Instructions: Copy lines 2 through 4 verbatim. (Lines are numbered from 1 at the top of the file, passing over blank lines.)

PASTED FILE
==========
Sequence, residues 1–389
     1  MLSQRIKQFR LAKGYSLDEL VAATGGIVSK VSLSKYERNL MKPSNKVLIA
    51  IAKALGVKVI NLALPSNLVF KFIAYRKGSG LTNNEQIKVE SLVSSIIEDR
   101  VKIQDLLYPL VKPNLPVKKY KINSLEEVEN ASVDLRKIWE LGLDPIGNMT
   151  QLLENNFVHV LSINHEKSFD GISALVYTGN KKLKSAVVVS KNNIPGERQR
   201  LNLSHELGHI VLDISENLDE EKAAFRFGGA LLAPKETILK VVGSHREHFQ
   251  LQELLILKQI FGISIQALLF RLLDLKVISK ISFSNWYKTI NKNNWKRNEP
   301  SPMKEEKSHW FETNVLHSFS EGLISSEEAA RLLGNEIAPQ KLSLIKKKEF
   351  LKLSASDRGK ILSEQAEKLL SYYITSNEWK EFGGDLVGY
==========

     1  MLSQRIKQFR LAKGYSLDEL VAATGGIVSK VSLSKYERNL MKPSNKVLIA
    51  IAKALGVKVI NLALPSNLVF KFIAYRKGSG LTNNEQIKVE SLVSSIIEDR
   101  VKIQDLLYPL VKPNLPVKKY KINSLEEVEN ASVDLRKIWE LGLDPIGNMT